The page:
Facebook, Instagram and WhatsApp went offline for users across the globe, the social media giant said on Monday, as it worked on restoring its services.
The issue affecting the services could not immediately be determined, but the error message on the webpage of Facebook suggested a problem with domain same system (DNS) servers.
DNS allows Web addresses to take users to their destinations. A similar outage at cloud company Akamai Technologies took down multiple websites in July.
Security experts tracking the situation said the outage could have been triggered by a configuration error
Security experts tracking the situation said the outage could have been triggered by a configuration error, which could be the result of an internal mistake, though sabotage by an insider would be theoretically possible.
An outside hack was viewed as less likely. A massive denial-of-service attack that could overwhelm one of the world’s most popular sites, on the other hand, would require either coordination among powerful criminal groups or a very innovative technique.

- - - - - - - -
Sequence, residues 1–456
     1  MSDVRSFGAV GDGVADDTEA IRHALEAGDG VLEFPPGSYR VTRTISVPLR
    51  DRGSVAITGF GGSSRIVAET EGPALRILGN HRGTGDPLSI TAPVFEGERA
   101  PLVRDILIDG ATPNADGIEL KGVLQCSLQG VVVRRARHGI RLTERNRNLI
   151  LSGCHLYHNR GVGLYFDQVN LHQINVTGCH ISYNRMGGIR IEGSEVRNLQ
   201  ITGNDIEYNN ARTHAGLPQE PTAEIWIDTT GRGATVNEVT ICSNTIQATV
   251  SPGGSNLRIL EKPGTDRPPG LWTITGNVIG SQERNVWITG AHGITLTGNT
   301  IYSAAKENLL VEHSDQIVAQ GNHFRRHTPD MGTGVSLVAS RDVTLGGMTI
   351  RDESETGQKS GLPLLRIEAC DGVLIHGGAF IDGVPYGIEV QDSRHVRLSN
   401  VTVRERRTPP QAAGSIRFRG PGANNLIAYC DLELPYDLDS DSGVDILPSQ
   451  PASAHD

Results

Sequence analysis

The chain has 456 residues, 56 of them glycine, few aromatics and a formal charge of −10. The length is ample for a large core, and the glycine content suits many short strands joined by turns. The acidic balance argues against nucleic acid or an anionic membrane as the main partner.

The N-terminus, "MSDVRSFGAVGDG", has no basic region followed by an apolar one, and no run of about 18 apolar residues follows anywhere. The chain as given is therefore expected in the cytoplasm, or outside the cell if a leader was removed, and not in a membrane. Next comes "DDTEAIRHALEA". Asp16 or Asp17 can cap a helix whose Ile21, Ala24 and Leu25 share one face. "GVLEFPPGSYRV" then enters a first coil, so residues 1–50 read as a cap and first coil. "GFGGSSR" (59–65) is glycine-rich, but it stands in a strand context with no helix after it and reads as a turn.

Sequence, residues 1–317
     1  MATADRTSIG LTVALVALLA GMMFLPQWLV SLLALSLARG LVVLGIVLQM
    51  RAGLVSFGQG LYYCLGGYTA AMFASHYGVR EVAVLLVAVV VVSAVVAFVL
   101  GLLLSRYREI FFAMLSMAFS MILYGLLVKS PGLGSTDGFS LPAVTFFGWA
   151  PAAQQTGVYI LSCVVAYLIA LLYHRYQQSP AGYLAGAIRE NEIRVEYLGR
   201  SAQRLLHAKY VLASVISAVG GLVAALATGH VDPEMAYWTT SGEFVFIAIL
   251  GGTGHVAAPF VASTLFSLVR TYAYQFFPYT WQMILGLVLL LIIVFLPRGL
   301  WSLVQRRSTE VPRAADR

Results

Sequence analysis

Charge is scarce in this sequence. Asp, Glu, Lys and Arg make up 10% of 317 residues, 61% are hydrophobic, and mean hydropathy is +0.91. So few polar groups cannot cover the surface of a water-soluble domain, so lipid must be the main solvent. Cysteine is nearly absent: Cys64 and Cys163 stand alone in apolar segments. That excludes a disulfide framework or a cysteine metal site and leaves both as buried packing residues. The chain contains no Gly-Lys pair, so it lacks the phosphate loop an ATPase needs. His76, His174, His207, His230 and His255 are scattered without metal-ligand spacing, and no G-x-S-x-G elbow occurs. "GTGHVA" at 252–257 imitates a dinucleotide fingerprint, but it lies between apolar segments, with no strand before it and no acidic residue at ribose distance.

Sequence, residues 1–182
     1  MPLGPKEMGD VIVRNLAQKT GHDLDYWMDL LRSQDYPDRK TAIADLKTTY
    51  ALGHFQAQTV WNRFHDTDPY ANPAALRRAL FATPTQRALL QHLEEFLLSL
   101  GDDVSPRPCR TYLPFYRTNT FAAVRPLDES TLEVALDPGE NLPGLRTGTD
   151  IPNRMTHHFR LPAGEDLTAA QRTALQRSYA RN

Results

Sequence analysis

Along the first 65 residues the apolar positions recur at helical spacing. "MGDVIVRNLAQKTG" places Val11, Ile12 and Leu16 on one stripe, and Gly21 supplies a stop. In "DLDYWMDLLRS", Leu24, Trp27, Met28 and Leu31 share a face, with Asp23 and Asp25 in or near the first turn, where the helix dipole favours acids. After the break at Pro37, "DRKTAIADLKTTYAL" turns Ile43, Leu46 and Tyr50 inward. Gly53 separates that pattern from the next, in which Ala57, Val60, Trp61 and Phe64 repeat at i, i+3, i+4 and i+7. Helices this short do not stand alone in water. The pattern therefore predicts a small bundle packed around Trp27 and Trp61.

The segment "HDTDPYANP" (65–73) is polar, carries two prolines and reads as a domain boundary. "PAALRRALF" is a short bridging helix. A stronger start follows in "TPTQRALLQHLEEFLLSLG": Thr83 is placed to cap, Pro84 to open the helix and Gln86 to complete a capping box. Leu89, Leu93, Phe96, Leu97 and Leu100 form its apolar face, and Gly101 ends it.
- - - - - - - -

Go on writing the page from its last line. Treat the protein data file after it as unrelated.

Facebook acknowledged users were having trouble accessing its apps but did not provide any specifics about the nature of the problem or how many were affected by the outage. “We’re working to get things back to normal as quickly as possible, and we apologise for any inconvenience,” Facebook said.
Shares of Facebook, which has nearly two billion daily active users, fell 5.5% in afternoon trading on Monday, inching towards its worst day in nearly a year.
Facebook has experienced similar widespread outages with its suite of apps this year in March and July.
Several users using their Facebook credentials to log in to third-party apps such as Pokemon Go and Match Masters were also facing issues.
“If your game isn’t running as usual, please note that there’s been an issue with Facebook login servers and the moment this gets fixed all will be back to normal,” puzzle game app Match Masters said on its Twitter account.
We’re working to get things back to normal as quickly as possible, and we apologise for any inconvenience
The outage, which hit the social media giant’s platforms minutes before 5pm South African time, comes a day after a Facebook whistle-blower accused the firm of repeatedly prioritising profit over clamping down on hate speech and misinformation, and said her lawyers have filed at least eight complaints with the US Securities and Exchange Commission.
The complaint has led to two members of the European parliament calling for an investigation into the allegations.
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